An Interview With James Macgregor Burns

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Yes, particularly in intellectual leadership. Leadership , my 1978 book, has led me to conclude that the great leaders of history have been intellectual leaders—though they were other things at the same time. “Intellectual leadership” sounds like a pretentious and limiting term, but I’m referring also to inventors of machines, and to entrepreneurs who are inventors of ideas. I see all kinds of ideas as the cutting edge of history.

You refer in the book to three “cadres” of leadership—a first, of national figures like the Presidents; a second, composed of influential people at the state level; and then a third. Who are the members of this “third cadre”?

They are the locally significant people, the town editor and the preacher, the interest-group activists and reformers. The perfect example would be convention delegates—and I don’t just mean political conventions. These are the ones who link up their own communities with other centers. They also connect to higher levels—they bring grass-roots ideas to people at the top of the pyramid and take new concepts back home with them. It’s hard to deal with these people in a book, because there are thousands of them. But I believe they constitute a great corps of leadership from which higher-cadre leaders come.

You intersperse your text with biographical vignettes, bits of song, little scenes. What’s behind that technique?

Well, the simple answer is that it gives variety to the text, and the vignettes help me to get at the third cadre. And I like a good story. Of course, after a while you have to do some generalizing. What I did here, and also in my two Roosevelt biographies, was to “bootleg” some generalization and some theory into each section without beating the reader over the head. That’s been my essential literary strategy.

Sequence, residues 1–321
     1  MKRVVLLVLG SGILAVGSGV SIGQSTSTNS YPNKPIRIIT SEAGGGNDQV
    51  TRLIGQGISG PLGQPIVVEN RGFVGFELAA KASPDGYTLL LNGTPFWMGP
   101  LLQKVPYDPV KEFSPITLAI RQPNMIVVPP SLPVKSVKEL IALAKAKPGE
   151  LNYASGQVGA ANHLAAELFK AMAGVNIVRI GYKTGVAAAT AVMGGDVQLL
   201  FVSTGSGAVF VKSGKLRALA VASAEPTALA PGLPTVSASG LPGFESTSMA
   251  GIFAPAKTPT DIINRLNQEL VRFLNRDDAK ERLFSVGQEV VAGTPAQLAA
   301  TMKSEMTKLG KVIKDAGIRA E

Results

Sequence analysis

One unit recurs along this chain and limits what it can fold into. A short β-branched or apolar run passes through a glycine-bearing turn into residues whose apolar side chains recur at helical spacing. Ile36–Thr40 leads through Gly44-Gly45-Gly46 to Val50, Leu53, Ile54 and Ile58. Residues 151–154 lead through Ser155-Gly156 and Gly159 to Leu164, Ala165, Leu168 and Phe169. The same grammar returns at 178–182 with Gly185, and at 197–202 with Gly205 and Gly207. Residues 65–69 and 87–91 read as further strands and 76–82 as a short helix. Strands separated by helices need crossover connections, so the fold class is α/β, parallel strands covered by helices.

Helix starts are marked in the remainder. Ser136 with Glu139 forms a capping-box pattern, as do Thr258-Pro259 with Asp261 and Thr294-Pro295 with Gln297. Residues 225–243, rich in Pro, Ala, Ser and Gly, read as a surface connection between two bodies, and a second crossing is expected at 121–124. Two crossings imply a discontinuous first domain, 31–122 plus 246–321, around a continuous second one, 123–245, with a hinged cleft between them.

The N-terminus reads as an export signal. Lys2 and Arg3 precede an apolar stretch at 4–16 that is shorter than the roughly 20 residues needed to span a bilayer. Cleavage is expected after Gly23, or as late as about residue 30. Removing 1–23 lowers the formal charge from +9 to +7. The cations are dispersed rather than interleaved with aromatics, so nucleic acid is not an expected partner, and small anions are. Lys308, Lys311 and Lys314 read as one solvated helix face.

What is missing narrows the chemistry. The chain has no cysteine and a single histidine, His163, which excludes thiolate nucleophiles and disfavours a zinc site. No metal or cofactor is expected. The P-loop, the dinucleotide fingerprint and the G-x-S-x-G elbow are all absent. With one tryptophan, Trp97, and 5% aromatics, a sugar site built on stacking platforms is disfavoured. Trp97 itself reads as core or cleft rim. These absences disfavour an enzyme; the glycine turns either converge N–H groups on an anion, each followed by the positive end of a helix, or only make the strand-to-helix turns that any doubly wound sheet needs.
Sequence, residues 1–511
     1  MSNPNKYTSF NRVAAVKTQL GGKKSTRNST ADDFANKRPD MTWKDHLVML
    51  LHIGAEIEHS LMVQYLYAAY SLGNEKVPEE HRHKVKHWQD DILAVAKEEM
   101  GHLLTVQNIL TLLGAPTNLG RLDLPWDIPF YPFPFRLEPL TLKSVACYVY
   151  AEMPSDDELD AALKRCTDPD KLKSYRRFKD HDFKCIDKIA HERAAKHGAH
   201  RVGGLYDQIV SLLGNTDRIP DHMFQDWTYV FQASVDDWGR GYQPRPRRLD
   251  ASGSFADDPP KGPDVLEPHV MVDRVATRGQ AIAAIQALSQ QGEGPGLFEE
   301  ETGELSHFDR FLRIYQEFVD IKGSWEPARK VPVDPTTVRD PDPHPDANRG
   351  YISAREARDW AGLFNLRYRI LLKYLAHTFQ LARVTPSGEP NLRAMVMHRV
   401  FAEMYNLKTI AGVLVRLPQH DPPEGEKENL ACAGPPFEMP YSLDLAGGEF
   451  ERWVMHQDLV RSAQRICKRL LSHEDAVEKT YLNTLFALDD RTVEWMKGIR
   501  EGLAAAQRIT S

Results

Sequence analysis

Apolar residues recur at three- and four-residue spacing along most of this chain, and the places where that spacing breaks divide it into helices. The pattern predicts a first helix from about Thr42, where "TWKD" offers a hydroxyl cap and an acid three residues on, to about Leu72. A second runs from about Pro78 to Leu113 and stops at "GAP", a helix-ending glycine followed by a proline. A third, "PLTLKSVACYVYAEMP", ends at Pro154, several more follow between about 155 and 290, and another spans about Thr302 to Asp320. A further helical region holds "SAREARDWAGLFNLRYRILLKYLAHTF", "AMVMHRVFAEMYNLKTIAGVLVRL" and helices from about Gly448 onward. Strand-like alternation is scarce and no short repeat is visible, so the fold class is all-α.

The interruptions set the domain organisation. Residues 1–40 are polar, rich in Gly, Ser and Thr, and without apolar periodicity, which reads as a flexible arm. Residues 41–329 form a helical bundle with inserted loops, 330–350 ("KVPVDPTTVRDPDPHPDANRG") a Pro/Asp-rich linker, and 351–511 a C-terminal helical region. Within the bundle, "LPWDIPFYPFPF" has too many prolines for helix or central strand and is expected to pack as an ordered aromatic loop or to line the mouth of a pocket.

Are you trying to write like the great nineteenth-century historians?

They were marvelous synthesizers, and we need that. On the other hand, they were very opinionated, and I’m not sure about some of the data that they used. Today’s specialist scholars really get into things; what they’re doing in voting analysis, for example, is just remarkable. The question is: Can you combine narrative that conveys to people the life and blood and guts and songs and poetry and crises of our history with the analysis and ideas that give it all meaning?

You start with an epigraph from Ecclesiastes. It’s the passage in which the speaker says that the things he has done in life are “vanity,” but he learned that “wisdom excelleth folly as far as light excelleth darkness.” Why?

The words about wisdom are the controlling metaphor. Above all, it’s our brains that we have to turn to. We do have to work within constraints established by great social, economic, and biological forces. But what we have going for us, essentially, is our capacity to think—the ability to anticipate, to plan, to define objectives, to resolve great conflicts.

You’re a political scientist and a historian-biographer. Which craft do you like to practice best?

You have to do both, but history is more fun.